Disqualification for bias
A judge affected by actual bias would be unable to comply with the Judicial Oath, and would be disqualified from sitting. In such a case, the question for determination is whether there is bias in fact.
The test for determining whether a judge should disqualify himself or herself by reason of apprehended bias is “whether a fair-minded lay observer might reasonably apprehend that the judge might not bring an impartial and unprejudiced mind to the resolution of the question the judge is required to decide”: Johnson v Johnson (2000) 201 CLR 488 at , affirmed in Ebner v Official Trustee in Bankruptcy (2000) 205 CLR 337; applied in Michael Wilson & Partners Ltd v Nicholls (2011) 244 CLR 427; distinguished in British American Tobacco Australia Services Ltd v Laurie (2011) 242 CLR 283; see also Slavin v Owners Corporation Strata Plan 16857  NSWCA 71; Barakat v Goritsas (No 2)  NSWCA 36 and Isbester v Knox City Council (2015) 89 ALJR 609.
As to the former association of the judge with legal representatives and litigants, see Bakarich v Commonwealth Bank of Australia  NSWCA 43. As to the relevance of non-disclosure to issues of apprehended bias, see Whalebone v Auto Panel Beaters & Radiators Pty Ltd (in liq)  NSWCA 176. As to a party being a member of the trial court, see Rouvinetis v Knoll  NSWCA 24.
Present authority supports the proposition that an application for disqualification can be made without the filing of a formal motion (Barton v Walker  2 NSWLR 740; Bainton v Rajski (1992) 29 NSWLR 539), although there have been instances where a motion has been presented.
Such authority also supports the view that such an application should be determined by the judge whose disqualification is sought, and should not involve a contest on the facts: Australian National Industries Ltd v Spedley Securities Ltd (in liq) (1992) 26 NSWLR 411 at 436; and Wentworth v Graham  NSWCA 240.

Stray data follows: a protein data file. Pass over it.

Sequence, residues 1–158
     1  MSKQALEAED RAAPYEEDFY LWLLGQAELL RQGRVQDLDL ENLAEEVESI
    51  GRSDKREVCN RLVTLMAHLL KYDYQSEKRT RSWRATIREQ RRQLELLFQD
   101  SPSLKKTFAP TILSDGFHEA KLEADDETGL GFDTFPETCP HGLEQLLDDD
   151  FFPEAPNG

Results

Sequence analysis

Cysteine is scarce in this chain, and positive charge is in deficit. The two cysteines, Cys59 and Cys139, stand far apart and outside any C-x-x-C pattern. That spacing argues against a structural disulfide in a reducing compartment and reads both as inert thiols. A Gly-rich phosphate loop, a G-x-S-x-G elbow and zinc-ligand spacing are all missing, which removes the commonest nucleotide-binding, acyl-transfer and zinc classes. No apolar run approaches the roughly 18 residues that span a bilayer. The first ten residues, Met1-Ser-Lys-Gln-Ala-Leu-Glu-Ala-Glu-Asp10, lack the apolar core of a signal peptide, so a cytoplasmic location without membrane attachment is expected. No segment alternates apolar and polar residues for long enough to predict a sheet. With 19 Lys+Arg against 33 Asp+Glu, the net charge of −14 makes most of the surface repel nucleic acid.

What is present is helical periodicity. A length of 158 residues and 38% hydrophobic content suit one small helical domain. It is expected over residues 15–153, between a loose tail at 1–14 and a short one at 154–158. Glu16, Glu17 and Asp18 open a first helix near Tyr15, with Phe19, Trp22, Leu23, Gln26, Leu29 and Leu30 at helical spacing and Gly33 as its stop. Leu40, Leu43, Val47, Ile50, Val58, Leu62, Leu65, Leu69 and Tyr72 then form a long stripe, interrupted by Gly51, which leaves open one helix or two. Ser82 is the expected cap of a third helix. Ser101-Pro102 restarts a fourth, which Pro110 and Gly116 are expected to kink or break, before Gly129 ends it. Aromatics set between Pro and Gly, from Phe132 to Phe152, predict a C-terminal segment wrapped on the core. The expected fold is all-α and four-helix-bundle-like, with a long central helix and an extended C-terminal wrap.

As to the approach to be adopted where there are disputed issues of fact, see CUR24 v DPP (2012) 83 NSWLR 385. In that case, it was held that where there is plausible evidence as to an out of court statement or other conduct of a judicial officer, the relevant principles do not require a court exercising appellate or supervisory jurisdiction to first resolve, by making findings of fact, any dispute about what was said or done before applying the fair-minded bystander test. Rather, the objective assessment called for by the test should take account of the dispute and whether the evidence, if accepted, is sufficient to give rise to a reasonable apprehension of bias: at , . A judge asked to disqualify himself or herself may need to apply the fair-minded observer test in respect of the evidence, in other words, unless the hypothetical observer would reject the evidence as entirely implausible the judge should consider whether, if accepted, it had the relevant quality to raise a reasonable apprehension of bias: , , . The denial of a judge alleged to have made a relevant statement cannot settle the question which depends upon the view of a fair-minded observer: .
A refusal by a judge to accede to an application for disqualification can be relied upon as a ground of appeal in relation to the substantive judgment. However, the conventional view has formerly been that no appeal lies from the rejection of a refusal application as such although a litigant could usually find an interlocutory order upon which to base an appeal: Barton v Walker and Barakat v Goritsas  NSWCA 8 at .
Following strongly expressed obiter dicta in Michael Wilson & Partners Ltd v Nicholls (2011) 244 CLR 427 at – and the decision of the Court of Appeal in Barakat v Goritsas (No 2)  NSWCA 36 that is no longer the position. Further, “it will frequently be appropriate to grant leave to appeal, assuming the challenge is not patently untenable and where a long and costly trial would be avoided if the decision below were incorrect”: Barakat v Goritsas (No 2) at .